Now that the California Consumer Privacy Act has officially taken effect, follow these 5 steps to ensure compliance, even if your organization is outside the Golden State.
According to the Identity Theft Resource Center, more than 164 million consumer records containing personally identifiable information (PII) were exposed in data breaches in 2019. Seemingly every week there is another massive consumer data breach reported and people the world over are increasingly concerned about how businesses are handling their PII. On the flip side, organizations are biting their nails, knowing that if they do not have the right data privacy and security policies and procedures in place, they too can become subject to brand-crippling breaches and resulting fines.
Constant headline-making events has prompted a domino effect that has made governments, citizens and businesses much more privacy-aware, resulting in increased attention into how personal information is collected, stored, managed and protected. The introduction of the European Union’s General Data Protection Regulation (GDPR) was a start, enabling EU citizens to take control of their data. Now we are seeing the United States closely follow suit with the new California Consumer Privacy Act (CCPA), which officially went into effect on January 1 of 2020.
The CCPA is designed to give California residents more rights over how their personal information -- such as social security numbers, bank account numbers, home addresses and birthdates -- is gathered, shared, sold and protected by the organizations they do business with. Failure to comply with the CCPA could cost an organization civil penalties of up to $2,500 per violation and $7,500 per intentional violation. Although the Attorney General cannot officially bring an enforcement action under the CCPA until July 1, 2020, organizations -- even potentially outside of California -- need to implement preventative security and data privacy strategies now. To that end, following are 5 steps towards ensuring CCPA compliance.
5 Steps to Ensure CCPA Compliance
- Determine if the CCPA applies to your organization. Even if your organization does not physically sit in the state of California, keep reading.The CCPA actually applies to any for-profit entities that both collect and process the personal information of California residents. Therefore, if your organization meets any one of the following criteria, it must comply with the regulation: If the business generates annual gross revenue in excess of $25 million; if the business receives or shares personal information of more than 50,000 California residents annually; if the business derives at least 50 percent of its annual revenue by selling the personal information of California residents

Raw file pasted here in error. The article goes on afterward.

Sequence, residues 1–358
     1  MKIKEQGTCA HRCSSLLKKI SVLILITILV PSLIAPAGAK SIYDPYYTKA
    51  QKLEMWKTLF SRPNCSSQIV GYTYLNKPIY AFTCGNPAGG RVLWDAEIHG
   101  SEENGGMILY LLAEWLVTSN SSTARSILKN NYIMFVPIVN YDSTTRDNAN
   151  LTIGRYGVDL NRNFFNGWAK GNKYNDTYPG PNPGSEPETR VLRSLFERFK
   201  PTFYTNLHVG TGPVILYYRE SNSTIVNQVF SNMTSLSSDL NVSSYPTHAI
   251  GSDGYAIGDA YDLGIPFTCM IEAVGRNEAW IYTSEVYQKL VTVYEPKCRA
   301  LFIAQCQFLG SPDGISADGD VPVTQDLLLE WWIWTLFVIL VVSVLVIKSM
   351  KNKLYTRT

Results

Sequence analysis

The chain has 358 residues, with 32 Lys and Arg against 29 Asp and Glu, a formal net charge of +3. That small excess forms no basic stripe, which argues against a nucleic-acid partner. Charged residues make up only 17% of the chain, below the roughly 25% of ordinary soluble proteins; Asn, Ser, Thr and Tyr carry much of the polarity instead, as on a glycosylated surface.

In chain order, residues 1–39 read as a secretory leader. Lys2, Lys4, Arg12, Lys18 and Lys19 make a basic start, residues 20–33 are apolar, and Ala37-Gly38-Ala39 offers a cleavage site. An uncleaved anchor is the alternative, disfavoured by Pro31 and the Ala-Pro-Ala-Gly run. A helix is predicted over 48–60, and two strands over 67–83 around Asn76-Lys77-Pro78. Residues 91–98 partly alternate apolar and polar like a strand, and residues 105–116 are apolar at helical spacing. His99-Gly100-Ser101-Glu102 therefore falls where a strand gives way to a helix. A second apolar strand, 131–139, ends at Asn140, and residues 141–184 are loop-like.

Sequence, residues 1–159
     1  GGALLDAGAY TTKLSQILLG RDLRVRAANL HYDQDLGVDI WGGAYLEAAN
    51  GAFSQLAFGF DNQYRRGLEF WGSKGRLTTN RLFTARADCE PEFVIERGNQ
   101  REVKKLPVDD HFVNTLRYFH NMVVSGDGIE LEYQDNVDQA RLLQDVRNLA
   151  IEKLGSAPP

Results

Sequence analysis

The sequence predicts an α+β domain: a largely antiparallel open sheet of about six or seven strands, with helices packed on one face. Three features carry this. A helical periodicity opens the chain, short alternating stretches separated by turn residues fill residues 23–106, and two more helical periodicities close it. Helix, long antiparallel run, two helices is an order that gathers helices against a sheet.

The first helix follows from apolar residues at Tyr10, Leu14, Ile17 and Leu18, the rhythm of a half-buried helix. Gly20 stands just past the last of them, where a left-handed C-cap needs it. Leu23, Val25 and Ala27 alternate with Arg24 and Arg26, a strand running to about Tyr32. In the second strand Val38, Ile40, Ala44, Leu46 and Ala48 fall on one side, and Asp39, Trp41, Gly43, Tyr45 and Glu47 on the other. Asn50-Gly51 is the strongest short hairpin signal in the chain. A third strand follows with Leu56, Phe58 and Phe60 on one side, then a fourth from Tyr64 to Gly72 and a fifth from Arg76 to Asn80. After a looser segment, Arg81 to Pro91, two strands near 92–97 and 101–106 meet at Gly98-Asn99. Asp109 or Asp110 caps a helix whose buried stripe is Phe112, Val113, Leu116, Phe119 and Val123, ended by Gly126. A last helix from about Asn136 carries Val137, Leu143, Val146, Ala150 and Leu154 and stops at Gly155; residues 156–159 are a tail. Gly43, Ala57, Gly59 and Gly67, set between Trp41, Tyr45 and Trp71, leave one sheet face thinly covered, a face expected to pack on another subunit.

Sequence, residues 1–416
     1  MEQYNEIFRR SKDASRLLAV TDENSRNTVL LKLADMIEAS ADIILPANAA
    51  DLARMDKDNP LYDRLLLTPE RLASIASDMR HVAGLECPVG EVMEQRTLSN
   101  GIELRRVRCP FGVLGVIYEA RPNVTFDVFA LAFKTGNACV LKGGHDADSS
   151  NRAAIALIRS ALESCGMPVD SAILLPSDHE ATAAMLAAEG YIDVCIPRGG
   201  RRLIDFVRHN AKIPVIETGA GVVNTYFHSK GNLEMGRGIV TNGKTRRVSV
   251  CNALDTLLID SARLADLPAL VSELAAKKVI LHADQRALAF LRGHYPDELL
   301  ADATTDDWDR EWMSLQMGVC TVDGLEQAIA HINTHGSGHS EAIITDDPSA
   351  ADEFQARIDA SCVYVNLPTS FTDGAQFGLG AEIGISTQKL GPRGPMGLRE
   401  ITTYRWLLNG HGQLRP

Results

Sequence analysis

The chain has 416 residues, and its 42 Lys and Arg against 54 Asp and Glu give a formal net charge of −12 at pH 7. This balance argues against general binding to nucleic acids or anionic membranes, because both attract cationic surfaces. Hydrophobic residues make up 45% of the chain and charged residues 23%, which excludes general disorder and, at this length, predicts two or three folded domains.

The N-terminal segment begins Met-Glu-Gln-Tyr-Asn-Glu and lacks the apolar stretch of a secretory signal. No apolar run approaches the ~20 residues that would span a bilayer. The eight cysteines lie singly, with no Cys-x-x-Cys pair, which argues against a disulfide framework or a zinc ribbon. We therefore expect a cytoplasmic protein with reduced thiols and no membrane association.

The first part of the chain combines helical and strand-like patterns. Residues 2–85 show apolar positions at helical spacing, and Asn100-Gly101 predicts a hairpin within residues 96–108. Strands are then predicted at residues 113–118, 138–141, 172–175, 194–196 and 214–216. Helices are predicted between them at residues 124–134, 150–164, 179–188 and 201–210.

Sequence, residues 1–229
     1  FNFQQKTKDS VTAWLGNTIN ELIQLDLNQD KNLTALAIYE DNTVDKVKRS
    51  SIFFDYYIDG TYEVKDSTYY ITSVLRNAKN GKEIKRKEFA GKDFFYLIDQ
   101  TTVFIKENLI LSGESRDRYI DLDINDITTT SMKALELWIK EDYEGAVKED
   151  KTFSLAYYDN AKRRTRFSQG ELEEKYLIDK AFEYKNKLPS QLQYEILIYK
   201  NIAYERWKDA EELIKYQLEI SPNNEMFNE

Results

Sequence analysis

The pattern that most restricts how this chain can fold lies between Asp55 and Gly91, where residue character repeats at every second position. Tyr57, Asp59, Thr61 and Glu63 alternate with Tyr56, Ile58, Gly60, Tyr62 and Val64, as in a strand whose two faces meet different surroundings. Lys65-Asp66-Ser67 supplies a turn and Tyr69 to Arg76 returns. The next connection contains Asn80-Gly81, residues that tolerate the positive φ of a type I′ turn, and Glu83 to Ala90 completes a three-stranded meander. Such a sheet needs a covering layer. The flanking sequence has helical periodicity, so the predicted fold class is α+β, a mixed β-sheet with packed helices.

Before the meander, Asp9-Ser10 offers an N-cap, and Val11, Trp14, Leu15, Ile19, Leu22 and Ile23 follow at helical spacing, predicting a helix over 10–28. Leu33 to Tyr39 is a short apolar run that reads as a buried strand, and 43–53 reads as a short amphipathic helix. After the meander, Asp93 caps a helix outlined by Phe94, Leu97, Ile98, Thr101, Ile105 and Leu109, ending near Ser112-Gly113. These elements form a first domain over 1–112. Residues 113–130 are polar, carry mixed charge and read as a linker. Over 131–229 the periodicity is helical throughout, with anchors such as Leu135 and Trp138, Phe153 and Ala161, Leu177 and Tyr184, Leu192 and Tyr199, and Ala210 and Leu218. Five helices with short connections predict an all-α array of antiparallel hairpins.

- Assess current technical security controls. Like the GDPR, the CCPA does not identify specific security controls; however, to meet their processing obligations, entities covered by the CCPA must implement adequate data security to protect covered information that can be linked to a particular California consumer. With that in mind, you should closely examine all security controls and identify any gaps in the data lifecycle. On the technical side, this means making sure the controls can identify covered data once it is created or stored, and properly protect and track how the data is transmitted and processed all the way until that data is deleted.
- Ensure non-technical security controls are considered. There's also a need for non-technical controls and procedures, such implementing least privilege user access and recertifying access rights periodically. You may also want to incorporate a yearly data security awareness training to ensure employees retain the most recent information and protocols for compliance. CCPA requires you to make sure that users are who they say they are. You’ll want to have strong procedural mechanisms in place to ensure you verify user identities and have a strong authentication process.
- Leverage current investments. If you have already invested in building out a relatively mature security program that includes data protection and identity management, you can extend that coverage to the newly-classified California consumer data. You will need to update the various policies and procedures to make sure they adequately cover the CCPA’s specific requirements, however this effort should not require extensive rework. If you have not yet made investments in data protection and implementing privacy-by-design concepts, you should consider undertaking a comprehensive review of your security and data protection programs so you can develop a prioritized roadmap towards compliance.
Becoming CCPA compliant will require some work in order to close the data protection gaps within your organization. However, through this process, you will strengthen your data security procedures, which will ultimately better protect your valued customers and mitigate your organization’s risk of a future data breach.
Darren Van Booven, Lead Principal Consultant, Trustwave